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Action, Interaction and Reaction from the Ritz team

“Talent is nothing without focus and endurance.”

Posted: December 1, 2011 - 7:30 PM ET - by Elisabeth

I’ve seen this quote by Haruki Murakami several times in the last few days, so I’m pondering the message from the universe.

There’s lots of evidence to support the idea, from the “10,000-Hour Rule” in Malcolm Gladwell’s “Outliers” to the simple joke “How do you get to Carnegie Hall? Practice. Practice. Practice.”

Friends and colleagues, from those who run companies to the ones who run marathons, would say neither effort stands a chance without “focus” and “endurance.” (… and once I can figure out what to focus on besides the pain, maybe I’ll start that marathon training!)

So “focus” and “endurance” are the magic ingredients?

…but I believe there’s more to it.

I know I’m not alone.

The motivational quotes under the glass on my desk and pinned to my bulletin board and jotted in notebooks remind me I’m not alone.

“Whatever there be of progress in life comes not through adaptation but through daring.” (Henry Miller)

Whatever you can do, or dream you can do, begin it. Boldness has genius, power, and magic in it.” (Goethe)

If inspirational phrases about daring action and boldness aren’t enough, there’s science.

Studies in fifth-graders show that praising children for “effort” over “intelligence” creates a mindset that encourages hard work; a willingness, even a desire, for difficult problem sets from which to learn; and confidence. Those students who displayed a “growth mindset” even favored learning over grades in school while students with a “fixed mindset” were more concerned with appearing smart than learning.

Researchers saw the same impact in business, discouraging “fixed mindset” managers and employees from taking advice and constructive criticism. (… and I’m sure there’s a lesson in “daring to be wrong” at work!)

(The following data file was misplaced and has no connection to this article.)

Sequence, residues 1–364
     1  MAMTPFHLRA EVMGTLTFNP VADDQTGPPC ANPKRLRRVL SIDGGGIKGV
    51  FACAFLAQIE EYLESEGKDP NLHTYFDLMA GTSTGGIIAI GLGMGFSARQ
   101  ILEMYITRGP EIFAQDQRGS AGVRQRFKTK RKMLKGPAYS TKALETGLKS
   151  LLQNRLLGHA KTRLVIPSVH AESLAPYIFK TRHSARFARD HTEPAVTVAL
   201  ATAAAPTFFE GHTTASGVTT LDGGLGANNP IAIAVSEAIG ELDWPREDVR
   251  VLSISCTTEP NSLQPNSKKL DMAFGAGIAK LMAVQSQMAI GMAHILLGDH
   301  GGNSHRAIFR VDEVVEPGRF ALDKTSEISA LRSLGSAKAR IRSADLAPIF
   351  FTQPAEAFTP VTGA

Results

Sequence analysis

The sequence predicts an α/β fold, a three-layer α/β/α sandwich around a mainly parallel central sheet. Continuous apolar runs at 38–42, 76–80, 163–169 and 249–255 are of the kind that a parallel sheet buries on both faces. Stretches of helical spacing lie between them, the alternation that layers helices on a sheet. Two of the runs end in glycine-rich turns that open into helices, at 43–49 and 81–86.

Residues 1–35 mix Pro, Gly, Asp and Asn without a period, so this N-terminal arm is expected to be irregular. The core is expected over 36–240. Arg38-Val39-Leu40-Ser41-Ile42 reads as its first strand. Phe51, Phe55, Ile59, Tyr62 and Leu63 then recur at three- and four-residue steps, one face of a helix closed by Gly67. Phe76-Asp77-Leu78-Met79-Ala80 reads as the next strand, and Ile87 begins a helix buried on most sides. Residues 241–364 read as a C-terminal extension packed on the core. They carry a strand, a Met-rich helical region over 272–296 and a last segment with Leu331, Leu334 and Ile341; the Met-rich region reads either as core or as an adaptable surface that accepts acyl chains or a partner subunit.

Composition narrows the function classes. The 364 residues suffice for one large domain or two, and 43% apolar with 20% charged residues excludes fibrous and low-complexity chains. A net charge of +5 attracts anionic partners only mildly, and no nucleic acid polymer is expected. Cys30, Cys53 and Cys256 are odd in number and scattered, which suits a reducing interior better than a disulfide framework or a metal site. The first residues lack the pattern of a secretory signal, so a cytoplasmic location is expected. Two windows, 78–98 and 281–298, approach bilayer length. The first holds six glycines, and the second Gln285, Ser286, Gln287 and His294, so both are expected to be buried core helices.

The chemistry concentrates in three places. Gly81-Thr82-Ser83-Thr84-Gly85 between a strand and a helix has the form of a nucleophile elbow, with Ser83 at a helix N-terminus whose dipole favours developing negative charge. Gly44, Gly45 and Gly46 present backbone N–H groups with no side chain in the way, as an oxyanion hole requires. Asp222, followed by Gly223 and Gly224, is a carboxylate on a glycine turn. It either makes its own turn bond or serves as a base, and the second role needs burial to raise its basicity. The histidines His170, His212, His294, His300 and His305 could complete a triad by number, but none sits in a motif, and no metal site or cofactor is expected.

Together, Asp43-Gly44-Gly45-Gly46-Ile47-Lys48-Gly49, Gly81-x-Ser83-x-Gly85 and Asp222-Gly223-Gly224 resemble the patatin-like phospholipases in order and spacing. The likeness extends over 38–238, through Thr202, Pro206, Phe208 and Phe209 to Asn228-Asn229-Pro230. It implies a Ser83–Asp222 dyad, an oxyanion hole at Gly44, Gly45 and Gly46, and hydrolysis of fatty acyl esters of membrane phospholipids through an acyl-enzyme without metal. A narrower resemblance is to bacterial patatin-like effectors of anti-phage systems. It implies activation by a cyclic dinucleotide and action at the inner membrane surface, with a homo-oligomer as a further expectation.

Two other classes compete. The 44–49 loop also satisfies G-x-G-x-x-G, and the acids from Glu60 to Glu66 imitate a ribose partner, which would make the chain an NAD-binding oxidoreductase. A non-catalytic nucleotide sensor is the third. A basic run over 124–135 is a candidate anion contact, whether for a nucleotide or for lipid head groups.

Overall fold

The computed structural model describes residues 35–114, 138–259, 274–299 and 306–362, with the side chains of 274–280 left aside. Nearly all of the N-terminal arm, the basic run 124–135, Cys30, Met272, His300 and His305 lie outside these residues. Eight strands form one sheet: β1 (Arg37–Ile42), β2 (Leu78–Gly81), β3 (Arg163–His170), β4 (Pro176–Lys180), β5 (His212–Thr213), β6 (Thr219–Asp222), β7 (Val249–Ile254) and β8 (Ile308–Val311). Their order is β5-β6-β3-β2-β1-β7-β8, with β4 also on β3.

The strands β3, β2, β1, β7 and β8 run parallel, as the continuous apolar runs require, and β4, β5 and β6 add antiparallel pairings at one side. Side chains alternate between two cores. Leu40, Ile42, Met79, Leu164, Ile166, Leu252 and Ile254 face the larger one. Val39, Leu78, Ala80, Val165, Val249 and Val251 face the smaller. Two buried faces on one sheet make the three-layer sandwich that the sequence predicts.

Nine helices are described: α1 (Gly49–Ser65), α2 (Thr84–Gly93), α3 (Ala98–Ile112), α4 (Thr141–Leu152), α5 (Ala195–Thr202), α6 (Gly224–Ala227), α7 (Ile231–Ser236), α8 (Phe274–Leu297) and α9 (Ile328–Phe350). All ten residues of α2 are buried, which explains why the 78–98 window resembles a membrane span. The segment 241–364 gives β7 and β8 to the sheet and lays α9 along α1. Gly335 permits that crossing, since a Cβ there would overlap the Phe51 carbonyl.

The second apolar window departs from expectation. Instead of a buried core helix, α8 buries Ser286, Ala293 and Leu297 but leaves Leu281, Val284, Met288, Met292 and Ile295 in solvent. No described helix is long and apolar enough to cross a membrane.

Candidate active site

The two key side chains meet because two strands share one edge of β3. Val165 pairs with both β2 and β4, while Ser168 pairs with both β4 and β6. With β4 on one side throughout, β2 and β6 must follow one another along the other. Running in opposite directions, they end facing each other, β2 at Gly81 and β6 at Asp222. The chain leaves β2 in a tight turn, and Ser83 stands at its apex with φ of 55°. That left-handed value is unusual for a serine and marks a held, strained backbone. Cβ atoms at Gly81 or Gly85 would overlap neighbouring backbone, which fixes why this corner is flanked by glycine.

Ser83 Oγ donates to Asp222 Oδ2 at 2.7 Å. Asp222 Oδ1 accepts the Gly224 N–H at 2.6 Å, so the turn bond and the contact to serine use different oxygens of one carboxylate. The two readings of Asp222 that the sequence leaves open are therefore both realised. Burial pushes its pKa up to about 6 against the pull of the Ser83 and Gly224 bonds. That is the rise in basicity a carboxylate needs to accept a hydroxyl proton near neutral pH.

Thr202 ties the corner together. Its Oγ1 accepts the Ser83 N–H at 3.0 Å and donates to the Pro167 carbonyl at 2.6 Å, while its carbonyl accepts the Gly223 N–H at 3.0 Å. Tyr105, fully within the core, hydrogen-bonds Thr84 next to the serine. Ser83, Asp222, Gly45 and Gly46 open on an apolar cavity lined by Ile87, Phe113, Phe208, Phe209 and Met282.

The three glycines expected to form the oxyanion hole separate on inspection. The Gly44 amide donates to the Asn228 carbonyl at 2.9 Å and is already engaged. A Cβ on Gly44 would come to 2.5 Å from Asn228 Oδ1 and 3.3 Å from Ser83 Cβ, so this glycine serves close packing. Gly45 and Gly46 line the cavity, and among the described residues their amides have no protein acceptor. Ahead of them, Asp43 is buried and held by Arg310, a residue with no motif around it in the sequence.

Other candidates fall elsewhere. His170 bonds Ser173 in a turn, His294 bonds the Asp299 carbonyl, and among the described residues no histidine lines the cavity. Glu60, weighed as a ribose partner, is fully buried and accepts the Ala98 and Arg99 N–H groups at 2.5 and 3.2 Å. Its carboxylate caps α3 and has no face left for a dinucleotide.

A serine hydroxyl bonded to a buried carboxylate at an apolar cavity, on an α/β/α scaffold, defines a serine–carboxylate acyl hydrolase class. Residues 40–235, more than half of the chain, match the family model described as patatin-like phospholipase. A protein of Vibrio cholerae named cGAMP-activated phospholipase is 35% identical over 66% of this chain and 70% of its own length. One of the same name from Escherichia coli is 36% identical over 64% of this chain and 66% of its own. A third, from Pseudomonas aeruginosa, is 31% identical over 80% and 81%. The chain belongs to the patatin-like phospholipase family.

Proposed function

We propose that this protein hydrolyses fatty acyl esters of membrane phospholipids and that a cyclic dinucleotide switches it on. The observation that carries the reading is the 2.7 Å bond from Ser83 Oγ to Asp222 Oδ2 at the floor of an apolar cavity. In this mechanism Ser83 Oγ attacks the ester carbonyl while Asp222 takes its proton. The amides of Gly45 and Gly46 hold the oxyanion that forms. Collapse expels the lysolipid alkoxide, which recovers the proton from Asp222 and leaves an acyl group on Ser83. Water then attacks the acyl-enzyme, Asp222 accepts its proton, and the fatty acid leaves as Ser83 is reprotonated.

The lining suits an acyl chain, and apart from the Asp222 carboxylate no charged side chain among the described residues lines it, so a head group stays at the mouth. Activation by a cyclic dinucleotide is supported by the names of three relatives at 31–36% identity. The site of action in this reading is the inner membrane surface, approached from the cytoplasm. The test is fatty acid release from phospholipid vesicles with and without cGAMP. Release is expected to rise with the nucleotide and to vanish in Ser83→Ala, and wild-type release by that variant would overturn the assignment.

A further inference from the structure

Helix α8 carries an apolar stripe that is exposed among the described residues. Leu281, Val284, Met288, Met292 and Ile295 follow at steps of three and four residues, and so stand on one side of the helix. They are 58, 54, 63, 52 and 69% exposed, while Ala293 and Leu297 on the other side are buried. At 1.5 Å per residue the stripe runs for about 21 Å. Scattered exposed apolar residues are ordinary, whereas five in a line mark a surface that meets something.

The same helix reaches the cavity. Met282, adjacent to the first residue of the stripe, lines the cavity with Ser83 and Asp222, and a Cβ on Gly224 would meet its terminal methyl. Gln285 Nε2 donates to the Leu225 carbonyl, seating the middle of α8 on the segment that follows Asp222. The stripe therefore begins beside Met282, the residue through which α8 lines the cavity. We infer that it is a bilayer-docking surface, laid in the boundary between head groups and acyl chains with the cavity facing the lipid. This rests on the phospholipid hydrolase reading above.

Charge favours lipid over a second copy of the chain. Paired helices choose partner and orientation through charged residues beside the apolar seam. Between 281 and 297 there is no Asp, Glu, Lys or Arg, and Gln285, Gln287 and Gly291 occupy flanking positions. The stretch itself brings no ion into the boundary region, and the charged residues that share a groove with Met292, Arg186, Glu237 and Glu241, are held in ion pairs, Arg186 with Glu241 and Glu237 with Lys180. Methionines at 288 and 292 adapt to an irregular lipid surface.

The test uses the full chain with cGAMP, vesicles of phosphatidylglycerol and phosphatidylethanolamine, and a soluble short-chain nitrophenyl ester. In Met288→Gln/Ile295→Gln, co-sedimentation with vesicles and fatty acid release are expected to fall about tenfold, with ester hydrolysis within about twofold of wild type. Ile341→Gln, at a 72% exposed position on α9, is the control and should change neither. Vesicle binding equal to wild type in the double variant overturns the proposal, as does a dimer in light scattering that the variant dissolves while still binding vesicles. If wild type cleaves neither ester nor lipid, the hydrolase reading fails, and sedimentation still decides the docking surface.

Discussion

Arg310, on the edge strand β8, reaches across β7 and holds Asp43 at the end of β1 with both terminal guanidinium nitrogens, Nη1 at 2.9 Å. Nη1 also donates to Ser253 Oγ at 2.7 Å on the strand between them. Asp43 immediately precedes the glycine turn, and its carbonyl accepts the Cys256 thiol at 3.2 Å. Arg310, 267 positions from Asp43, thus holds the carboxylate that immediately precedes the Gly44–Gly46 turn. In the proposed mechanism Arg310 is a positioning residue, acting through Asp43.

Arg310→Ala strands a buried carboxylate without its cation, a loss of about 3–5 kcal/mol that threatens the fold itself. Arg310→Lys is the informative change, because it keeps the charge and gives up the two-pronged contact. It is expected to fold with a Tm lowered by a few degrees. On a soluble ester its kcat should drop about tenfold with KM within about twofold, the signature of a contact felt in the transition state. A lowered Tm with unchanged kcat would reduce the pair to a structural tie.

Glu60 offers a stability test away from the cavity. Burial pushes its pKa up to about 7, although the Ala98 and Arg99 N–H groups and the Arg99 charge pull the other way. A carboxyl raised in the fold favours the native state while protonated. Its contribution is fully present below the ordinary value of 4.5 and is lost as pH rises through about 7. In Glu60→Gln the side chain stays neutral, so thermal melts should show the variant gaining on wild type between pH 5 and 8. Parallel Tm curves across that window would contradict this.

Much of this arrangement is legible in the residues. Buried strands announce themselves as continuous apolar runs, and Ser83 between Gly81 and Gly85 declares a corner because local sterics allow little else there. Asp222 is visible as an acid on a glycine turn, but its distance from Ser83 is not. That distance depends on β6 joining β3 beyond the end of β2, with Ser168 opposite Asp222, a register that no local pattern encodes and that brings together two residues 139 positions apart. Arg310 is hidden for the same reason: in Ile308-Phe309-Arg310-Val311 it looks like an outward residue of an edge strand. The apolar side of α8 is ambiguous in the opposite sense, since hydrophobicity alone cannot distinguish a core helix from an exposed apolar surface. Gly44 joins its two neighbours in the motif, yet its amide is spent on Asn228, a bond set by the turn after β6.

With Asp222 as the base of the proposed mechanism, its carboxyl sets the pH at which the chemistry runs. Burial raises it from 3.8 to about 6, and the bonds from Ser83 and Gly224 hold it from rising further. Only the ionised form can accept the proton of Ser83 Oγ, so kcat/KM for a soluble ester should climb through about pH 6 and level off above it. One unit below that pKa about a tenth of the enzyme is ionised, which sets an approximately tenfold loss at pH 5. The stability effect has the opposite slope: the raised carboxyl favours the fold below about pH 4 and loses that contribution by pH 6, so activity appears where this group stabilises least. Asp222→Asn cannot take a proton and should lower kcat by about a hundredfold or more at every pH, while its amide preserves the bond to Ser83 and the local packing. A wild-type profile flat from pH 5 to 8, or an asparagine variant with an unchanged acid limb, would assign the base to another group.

Maybe that’s the point of my message from the universe?

Right or wrong …

Success or flop …

Like any wise fifth grader, marathoner or entrepreneur … “Fortune favors the bold.” (Virgil)


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“Chance favors the connected mind.”

Posted: October 6, 2011 - 9:50 PM ET - by Elisabeth

My last blog post addressed the critical role of emotional connection in communications (with a little help from Brene Brown).

My mind wandered down the path of wondering if emotional connection has been helped or hurt by technological connection.

There are lots of arguments that we have more connections with less depth thanks to face book, Twitter and other social media formats … that we have fallen into the trap of texting rather than talking and emailing rather than interacting?

I don’t advocate tech talk over face-to-face interaction, but it’s not all bad.

“The great driver of scientific innovation and technological innovation had been the historic increase in connectivity and our ability to reach out and exchange ideas with other people,” according to Steven Johnson, author of “Where Good Ideas Come From” and yes, another great TED speaker.

Take four minutes to listen to his great, visually interesting presentation and it may just inspire your next great idea!

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From doubt to determination

Posted: June 2, 2011 - 5:32 PM ET - by Elisabeth

The other day Joe Biden asked me, “Why do we doubt our capacity?”